Slate writer Farhad Manjoo frets that a gun that looks like this:
And fires little orange foam darts, may be too realistic. Subheadline: Grown man plays with kids toys, milks experience for navel-gazing article.
Over the past few weeks I’ve been playing with some of the new Nerf guns, and I’ve tied myself in knots thinking about whether ultrarealistic weapons are just harmless fun or whether they reveal something terribly wrong with modern American boyhood. I’ll admit it: As a father of a 1-year-old son, Nerf’s weaponry worries me. And it worries me mainly because these guns seem irresistible.
Emphasis added, and see above for what he considers “ultrarealistic.” Please, nobody show this guy one of those insanely cool full auto airsoft AK-47s.
You can tell the liberal guy actually likes Nerf guns, but doesn’t really want to admit that before consulting an expert.
There are now several varieties of Nerf guns, including one, Dart Tag, that’s meant to be played as part of a structured game. (It works a bit like paintball, only with Velcro-tipped Nerf darts instead of colored paint.) Nerf also makes Super Soaker water guns and a line of close-combat hand weapons—swords, hatchets, axes and the like made of hard foam—called N-Force. But its biggest and most iconic weapons fall into two categories: the N-Strike system, which shoots foam darts, and the new, innovative Vortex system, which uses small, rubberized spinning discs. Michael Ritchie, the senior director of global brand marketing at Nerf, says the company designed the Vortex in response to consumer desire—kids wanted to shoot projectiles farther and more accurately. The Vortex discs can fly as far as 65 feet, which Ritchie described as a major technical feat. (Designers had to find a way to get each gun’s firing mechanism to shoot the spinning disc without having it wobble, which would alter its flight path.)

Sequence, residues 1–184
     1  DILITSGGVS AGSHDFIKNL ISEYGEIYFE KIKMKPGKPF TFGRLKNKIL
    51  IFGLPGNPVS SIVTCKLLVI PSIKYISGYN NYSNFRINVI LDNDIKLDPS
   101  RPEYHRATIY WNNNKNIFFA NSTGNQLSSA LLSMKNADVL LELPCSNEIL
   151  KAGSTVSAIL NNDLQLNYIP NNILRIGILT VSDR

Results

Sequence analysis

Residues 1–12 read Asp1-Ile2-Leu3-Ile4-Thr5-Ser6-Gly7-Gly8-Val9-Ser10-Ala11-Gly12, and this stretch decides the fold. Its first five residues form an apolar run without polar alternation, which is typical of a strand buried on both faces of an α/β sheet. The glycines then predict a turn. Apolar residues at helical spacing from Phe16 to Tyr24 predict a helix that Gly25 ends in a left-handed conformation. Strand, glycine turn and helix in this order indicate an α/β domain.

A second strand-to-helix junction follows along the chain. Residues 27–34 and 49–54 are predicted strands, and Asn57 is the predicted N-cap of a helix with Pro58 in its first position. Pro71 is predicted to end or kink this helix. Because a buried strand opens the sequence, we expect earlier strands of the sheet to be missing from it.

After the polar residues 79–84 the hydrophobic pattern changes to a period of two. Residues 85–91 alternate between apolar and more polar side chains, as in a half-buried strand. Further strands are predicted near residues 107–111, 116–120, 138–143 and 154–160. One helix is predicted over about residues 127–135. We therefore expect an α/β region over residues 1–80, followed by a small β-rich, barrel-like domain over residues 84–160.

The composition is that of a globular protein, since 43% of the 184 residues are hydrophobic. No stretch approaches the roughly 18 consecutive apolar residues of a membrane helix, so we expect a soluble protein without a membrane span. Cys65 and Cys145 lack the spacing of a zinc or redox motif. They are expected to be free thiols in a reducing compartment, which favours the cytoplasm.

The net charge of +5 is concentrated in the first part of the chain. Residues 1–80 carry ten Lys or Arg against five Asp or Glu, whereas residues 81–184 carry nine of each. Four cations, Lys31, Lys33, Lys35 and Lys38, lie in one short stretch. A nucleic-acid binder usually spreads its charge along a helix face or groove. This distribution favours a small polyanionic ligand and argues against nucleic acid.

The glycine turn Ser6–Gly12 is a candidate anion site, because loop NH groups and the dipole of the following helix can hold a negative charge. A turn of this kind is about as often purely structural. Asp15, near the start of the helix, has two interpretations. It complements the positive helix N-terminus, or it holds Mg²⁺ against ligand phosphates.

And so off to the expert for validation he goes.
Whether it’s good for your child is a more difficult question.
No it isn’t. These Nerf guns are basically water guns that don’t soak you. They’re perfectly fine unless your kid has shown a tendency to torture small animals.
For help on that question, I turned to Diane Levin, a professor of education at Wheelock College in Boston who in 1987 co-authored The War Play Dilemma, a book on the subject of kids playing with guns.
Adults aren’t allowed to make decisions on their own anymore, about anything, without consulting the 21st century’s answer to the old world’s village priest.
Levin points out that in general, child-development experts believe that you should let kids play how they want to play, because kids use playtime as a way to work on their problems and curiosities about the world. Boys have always played “war,” and development theorists believe that they do so as a natural part of growing up. For instance, playing with guns teaches boys about power and gender dynamics (though you may not have realized it at the time). In her research, though, Levin found that as violent imagery began to saturate pop culture over the last few decades, war play became a larger and larger part of a typical boy’s childhood. The play also became more realistic and “less imaginative,” she says. “We found in talking to teachers across the country that boys were just imitating what they saw on TV—they were just blindly shooting each other, and not playing creatively or using play to construct knowledge about the world.”
Wait ’til these people get a load of Modern Warfare 3. Actually, he does get a load of Modern Warfare, and then decides that Nerf will be better for his one-year-old. Pity that it won’t be an either/or choice.
If you consider how pop culture has changed since I was growing up in the 1980s, it’s no surprise that today’s Nerf guns look so different from those of yesteryear. Nerf has to compete for a boy’s attention with so many other amazing toys, including, most importantly, video games. Compared to the world of Call of Duty, a toy like the Blast a Ball looks hopelessly rinky-dink, and only something as big and bad as the Vortex will earn a second look on the shelves at Toys R Us. Look at the bright side: If your kids play with Nerf, at least they’re running around outside.
Not in my experience. Nerf darts don’t mix well with trees and brambles and lost darts are expensive to replace, so they stay indoors. Airsoft pellets are cheaper and more accurate, and you don’t have to reload as often. That full auto airsoft AK is definitely the way to go for outdoor kid combat.